Friday, 10 May 2013

Elderfield at the European Insurance Forum - one for the road...

So the European Insurance Forum is in full swing over in Dublin, which from what I have seen to date in the tweetosphere (thanks DIMA and Mike!), sounds more like Alan Partridge's sales conference for Ireland plc.

That aside, Matthew Elderfield, the outgoing Head of Financial Regulation at the Central Bank of Ireland, gave a rousing speech touching on risk-based supervision and the 'prospects' for Solvency II. As a member of EIOPA's management board and head of the second largest internal model assessment body in the EU, his words are very much worth heeding.

Given that he has already addressed this forum a couple of years ago on such matters, as well as being relatively outspoken  recently on the quality of components parts of Irish risk management systems, one might expect a few home truths on his way out of the door to an equally precarious task as Head of Compliance at Lloyds Banking Group.

EIF 2013 - More to Ireland 'dan dis'?
The headline acts for me was his revelation that diversification in internal models remains a bugbear, to the extent that he supports the kind of 'floor' arrangement being given airtime at the PRA. Given he had already made his distaste at the extent of the diversification benefits being sought clear in a speech last year, it is not surprise to see it on his agenda, more that it implies that the expert judgements of those involved in the calculation process may be overridden (due to regulatory prudence?), regardless of how well they are documented or supported. 

In addition, his angle on bridging the LTG issue makes interesting reading for anyone who doesn't receive briefings on EIOPA's inner workings.

Noteworthy points (my emphasis if emboldened) therefore included;

On Solvency II
  • Drawn out process has "naturally resulted in a combination of fatigue and exasperation", with the "...high costs of preparation compounding concerns"
  • Regardless, "it is unacceptable that the common regulatory framework for insurance in Europe in the 21st century is not risk-based"
  • "Urgently need" the framework to reflect asset risks, riskiness of different lines of business, encourage better governance and risk management, and provide better disclosure.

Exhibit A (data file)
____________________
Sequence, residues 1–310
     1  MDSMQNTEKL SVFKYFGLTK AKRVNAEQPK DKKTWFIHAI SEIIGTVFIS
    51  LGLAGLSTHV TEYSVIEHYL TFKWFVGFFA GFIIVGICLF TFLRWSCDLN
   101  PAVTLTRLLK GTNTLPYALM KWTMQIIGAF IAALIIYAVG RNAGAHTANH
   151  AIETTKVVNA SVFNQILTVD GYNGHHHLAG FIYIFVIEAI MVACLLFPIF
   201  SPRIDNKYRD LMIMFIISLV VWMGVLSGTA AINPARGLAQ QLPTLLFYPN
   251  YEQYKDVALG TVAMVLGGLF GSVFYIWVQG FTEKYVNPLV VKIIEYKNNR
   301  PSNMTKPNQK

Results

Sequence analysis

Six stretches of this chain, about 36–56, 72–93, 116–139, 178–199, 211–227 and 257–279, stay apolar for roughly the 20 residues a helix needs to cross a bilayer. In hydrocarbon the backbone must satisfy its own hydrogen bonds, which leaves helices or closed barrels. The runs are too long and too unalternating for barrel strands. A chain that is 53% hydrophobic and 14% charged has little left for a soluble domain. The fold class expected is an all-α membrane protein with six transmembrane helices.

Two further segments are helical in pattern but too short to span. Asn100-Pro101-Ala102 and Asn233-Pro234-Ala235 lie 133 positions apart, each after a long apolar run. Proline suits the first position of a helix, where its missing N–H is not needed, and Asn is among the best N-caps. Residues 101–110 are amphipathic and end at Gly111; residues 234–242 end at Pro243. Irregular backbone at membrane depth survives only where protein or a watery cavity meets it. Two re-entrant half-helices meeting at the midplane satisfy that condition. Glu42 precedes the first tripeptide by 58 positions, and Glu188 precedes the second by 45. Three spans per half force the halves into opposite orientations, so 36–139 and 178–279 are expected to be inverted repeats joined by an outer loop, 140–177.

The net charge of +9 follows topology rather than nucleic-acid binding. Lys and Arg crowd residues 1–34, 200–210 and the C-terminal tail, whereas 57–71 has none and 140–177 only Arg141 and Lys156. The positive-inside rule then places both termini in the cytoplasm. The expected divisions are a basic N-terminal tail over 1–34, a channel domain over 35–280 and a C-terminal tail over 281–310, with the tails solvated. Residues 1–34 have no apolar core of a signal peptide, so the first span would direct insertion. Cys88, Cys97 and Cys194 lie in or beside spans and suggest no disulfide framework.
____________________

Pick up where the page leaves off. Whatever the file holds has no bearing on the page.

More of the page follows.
• "Solvency II does indeed have its imperfections", but "...the benefits of moving ahead with Solvency II outweigh the costs..."
  • Notes his "long-standing concern" around over-optimism in the calibration of internal models
  • "...complexity has clearly gone too far in some areas - and makes implementation very difficult for smaller companies"
On Omnibus II and EIOPA's LTGA
  • Omnibus II delay " a course of considerable concern to regulators and industry alike", and the "...entire framework is essentially stuck on one issue" which "...will require a political compromise"
  • Personally supports a more generous approach to matched premium adjustments on certain lines of business, provided they are (a) only applied to the back-book, (b) companies provide Pillar 3 disclosures both with and without those adjustments, and (c) supervisors can apply capital charges if they are not happy.
  • "With European elections looming next year, it is important that this process concludes in the autumn at the latest"
EIOPA - filling gaps
since 2013
  • As justification for supporting them, "Much of the Solvency II framework is already clear", and emphasises that "we will adopt a proportionate approach"
  • EIOPA is "helping 'fill the gap' created by the hiatus in the political negotiation"
  • "The EIOPA initiative should be strongly welcomed by regulators and industry alike"
  • Hopes the system of governance and ORSA interim guidance provide "manageable and useful transitional steps towards full Solvency II adoption"
  • For Pillar 3, expecting "best efforts" especially from High Impact insurers, with the use of statutory powers held in reserve "as a last resort.
  • For IMAP, can neither sanction an "early conclusion" nor a "hard stop", so will ultimately elongate the administrative burden, hopefully leaving less to do towards the end.
On Diversification benefits
  • " common with a number of other [unnamed] supervisors", CBoI is concerned to ensure "prudent recognition of diversification effects"
  • "Fundamentally, what is needed is a broad agreement on the outer bounds of acceptable levels of diversification in the model approval process", citing one jurisdiction (UK?) looking at hard SCR floors based on proportion of MCR.
  • "...the Central Bank's message to Irish firms is to take a conservative approach to the recognition of diversification..."
  • Points to the failure to add formal constraints on diversification benefits in the Directive text
  • "Supervisory quants are at risk of being outgunned by industry quants in the minutiae of a correlation debate"
  • Also has a stab at "overly generous approval" in other member states in the context of regulatory arbitrage - is it that hard to say "no" just because the home regulator says "yes"?
Of less consequence for those outside of Ireland, he goes on to cover the CBoI's bespoke work around VA-specific risks (in light of prolonged low interest rate environment), the failure of Quinn Insurance, and the bedding in of their PRISM risk-based supervisory framework, the latter eliciting the comment that "we are still some way from fully embedding our new approach".

From this, one might reasonably think that, should Mr Elderfield's successor continue in the same vein, that the correlation matrices of Ireland's 30-something IMAP candidates are likely to get a severe working over in the next couple of years. Let's hope the industry gets their documentation in order!

No comments:

Post a Comment